One of the main agents in Riot Games' Valorant.

Riot Games Releases Esports Guidelines for VALORANT

  • Riot Games outlines VALORANT esports future
  • Third-party organizations invited to participate
  • Riot focused on nurturing a vibrant community

Riot Games has revealed more details about VALORANT’s esports future. After previously noting that the game will grow on its own, organic pace, the company confirmed that it will allow third-parties to host VALORANT tournaments under specific guidelines.

Cited by ESPN, Riot Games has said that it will rely on three core principle to develop VALORANT as a competitive title. Those include integrity, accessibility and authenticity. The competitive community will develop in a familiar 5-versus-5 format.

As mentioned in an interview with the media before, Riot Games wants to add a more “grassroots element.” Game developers Anna Donlon and Joe Ziegler both confirmed their desire to see the game build up from the grounds up.

The organic pace of development aside, aspiring pro players will have a shot to progress through the ranks. Riot has added the VALORANT Community Competition Guidelines. The Guidelines sole purposes will be to assist anyone interested in coordinating grassroots tournaments and giving fans a place to shine, similar to how esports such as StarCraft, Warcraft 3 and Dota 2 developed over the years.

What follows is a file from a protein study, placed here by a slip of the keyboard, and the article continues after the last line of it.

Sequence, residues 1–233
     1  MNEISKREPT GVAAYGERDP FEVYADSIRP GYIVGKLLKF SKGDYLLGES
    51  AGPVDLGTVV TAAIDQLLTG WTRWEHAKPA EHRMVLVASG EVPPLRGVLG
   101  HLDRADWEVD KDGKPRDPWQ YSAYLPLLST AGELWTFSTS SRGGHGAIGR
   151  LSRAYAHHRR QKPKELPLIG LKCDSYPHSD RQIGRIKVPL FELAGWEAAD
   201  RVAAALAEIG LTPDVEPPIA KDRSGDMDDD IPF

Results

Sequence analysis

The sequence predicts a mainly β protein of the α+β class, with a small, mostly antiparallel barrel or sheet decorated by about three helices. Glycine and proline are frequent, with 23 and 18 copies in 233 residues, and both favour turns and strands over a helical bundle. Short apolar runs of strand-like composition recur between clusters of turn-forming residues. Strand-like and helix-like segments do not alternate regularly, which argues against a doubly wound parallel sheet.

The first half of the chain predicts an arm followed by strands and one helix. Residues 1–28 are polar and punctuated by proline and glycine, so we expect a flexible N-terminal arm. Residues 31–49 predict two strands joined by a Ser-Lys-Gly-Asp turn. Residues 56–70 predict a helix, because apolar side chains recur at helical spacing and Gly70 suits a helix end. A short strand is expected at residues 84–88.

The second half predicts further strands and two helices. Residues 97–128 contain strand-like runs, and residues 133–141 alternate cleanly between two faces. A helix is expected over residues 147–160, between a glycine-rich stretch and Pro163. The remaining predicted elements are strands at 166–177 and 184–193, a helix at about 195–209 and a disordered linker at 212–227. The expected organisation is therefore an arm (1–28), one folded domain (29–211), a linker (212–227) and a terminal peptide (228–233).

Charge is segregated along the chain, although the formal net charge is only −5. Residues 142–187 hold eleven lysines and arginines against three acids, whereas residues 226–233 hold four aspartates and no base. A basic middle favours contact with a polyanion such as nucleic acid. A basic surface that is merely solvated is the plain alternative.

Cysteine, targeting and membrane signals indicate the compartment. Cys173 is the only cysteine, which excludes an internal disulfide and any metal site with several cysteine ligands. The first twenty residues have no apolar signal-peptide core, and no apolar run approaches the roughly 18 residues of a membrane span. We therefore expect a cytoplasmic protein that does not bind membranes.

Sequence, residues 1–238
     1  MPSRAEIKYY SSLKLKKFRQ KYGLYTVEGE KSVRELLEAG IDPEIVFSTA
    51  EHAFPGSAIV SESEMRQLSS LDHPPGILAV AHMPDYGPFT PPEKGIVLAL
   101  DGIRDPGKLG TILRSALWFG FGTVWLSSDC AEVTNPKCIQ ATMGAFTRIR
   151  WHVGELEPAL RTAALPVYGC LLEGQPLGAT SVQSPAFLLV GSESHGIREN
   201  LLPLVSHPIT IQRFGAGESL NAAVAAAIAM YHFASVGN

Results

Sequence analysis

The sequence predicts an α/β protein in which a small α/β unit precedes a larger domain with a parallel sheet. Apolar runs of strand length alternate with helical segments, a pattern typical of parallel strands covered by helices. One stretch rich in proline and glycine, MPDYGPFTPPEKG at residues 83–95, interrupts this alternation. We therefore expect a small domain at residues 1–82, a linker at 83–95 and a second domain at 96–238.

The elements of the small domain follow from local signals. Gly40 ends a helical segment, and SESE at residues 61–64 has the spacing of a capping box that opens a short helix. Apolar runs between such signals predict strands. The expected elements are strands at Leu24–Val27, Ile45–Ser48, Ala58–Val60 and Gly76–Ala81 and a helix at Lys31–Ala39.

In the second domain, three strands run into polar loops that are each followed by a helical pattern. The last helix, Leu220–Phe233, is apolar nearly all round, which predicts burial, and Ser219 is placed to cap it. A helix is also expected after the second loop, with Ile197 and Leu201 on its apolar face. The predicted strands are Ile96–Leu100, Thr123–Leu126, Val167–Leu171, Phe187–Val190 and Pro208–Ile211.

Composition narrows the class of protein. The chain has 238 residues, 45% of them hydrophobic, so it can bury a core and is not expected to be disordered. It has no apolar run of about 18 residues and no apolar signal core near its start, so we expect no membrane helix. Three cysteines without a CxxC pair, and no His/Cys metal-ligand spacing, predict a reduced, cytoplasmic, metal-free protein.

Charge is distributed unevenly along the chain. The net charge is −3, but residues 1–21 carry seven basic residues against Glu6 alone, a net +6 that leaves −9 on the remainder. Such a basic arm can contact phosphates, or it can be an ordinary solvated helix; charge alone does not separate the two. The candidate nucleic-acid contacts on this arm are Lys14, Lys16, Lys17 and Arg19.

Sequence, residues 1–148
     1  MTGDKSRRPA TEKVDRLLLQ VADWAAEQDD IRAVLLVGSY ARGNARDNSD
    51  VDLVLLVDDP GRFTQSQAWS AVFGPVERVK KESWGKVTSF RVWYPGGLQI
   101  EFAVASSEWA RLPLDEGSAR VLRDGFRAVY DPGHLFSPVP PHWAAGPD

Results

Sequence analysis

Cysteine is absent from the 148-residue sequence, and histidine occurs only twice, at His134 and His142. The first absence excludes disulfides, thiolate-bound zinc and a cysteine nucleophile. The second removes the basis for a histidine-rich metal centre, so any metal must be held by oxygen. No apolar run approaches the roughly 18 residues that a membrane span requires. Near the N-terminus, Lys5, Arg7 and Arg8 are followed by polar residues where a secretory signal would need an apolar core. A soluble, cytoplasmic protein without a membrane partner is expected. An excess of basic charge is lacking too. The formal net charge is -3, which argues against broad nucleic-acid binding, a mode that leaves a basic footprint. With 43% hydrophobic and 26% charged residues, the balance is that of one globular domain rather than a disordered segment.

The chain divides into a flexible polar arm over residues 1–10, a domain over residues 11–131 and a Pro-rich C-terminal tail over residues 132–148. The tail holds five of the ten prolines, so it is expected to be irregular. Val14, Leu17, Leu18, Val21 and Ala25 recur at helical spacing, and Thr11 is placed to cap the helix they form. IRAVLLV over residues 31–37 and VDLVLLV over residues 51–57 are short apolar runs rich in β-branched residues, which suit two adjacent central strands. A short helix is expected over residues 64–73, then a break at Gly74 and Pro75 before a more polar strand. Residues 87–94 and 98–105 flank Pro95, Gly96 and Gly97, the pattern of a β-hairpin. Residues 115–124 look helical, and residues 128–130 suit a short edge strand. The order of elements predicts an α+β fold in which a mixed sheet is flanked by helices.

Nurturing a Solid Community, Giving Amateur Pros a Shot

The community-driven approach will be supervised by Whalen Rozelle who has met with 100 esports organizations to explain the details of VALORANT’s esports future. Rozelle was excited to present those plans to the community:

“We’re overwhelmed by the initial interest and excitement in VALORANT. We have massive dreams for what this game can be as an esport, and we’re excited to embark on this long esports journey with our players.”

Moving forward, Riot will focus on striking meaningful partnerships with tournament organizers, developers and content creators, as well as players. All with the sole purpose of building up the VALORANT ecosystem, Rozelle continued.

The VALORANT marketing efforts have focused on Twitch. Anyone who watches any of the Twitch streamers has a chance to win a beta code. Meanwhile, the viewership for the game has been outstanding.

Esportsbro.com reported yesterday that VALORANT had clocked over 148.7 hours watched on Twitch within seven days between April 6April 12.

Before that, on April 7, VALORANT drew 1.7 million concurrent viewers, an overwhelming amount for any new game.

Yesterday’s 100 Thieves tournament was the first show event featuring various streamers, including the team’s founder Nadeshot. The event ran for 8 hours straight. It clocked 443,637 viewers and generating 2,968,559 watched hours on Twitch, data by Escharts.com revealed.

Now, a second tournament is on the cards. South Korean esports powerhouse T1 is taking matters in their hands tomorrow, Thursday, April 16.

The esports future of VALORANT looks promising.

 

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